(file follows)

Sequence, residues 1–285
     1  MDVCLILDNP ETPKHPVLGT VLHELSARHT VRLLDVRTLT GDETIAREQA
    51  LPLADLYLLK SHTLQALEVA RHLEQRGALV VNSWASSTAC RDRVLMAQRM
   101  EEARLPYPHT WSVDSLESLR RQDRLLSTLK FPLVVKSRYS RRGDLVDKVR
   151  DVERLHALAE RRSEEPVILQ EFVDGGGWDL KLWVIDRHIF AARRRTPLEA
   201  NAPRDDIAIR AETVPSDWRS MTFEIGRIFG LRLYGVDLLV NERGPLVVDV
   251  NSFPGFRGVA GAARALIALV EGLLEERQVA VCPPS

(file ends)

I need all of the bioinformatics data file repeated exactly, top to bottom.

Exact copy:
Sequence, residues 1–285
     1  MDVCLILDNP ETPKHPVLGT VLHELSARHT VRLLDVRTLT GDETIAREQA
    51  LPLADLYLLK SHTLQALEVA RHLEQRGALV VNSWASSTAC RDRVLMAQRM
   101  EEARLPYPHT WSVDSLESLR RQDRLLSTLK FPLVVKSRYS RRGDLVDKVR
   151  DVERLHALAE RRSEEPVILQ EFVDGGGWDL KLWVIDRHIF AARRRTPLEA
   201  NAPRDDIAIR AETVPSDWRS MTFEIGRIFG LRLYGVDLLV NERGPLVVDV
   251  NSFPGFRGVA GAARALIALV EGLLEERQVA VCPPS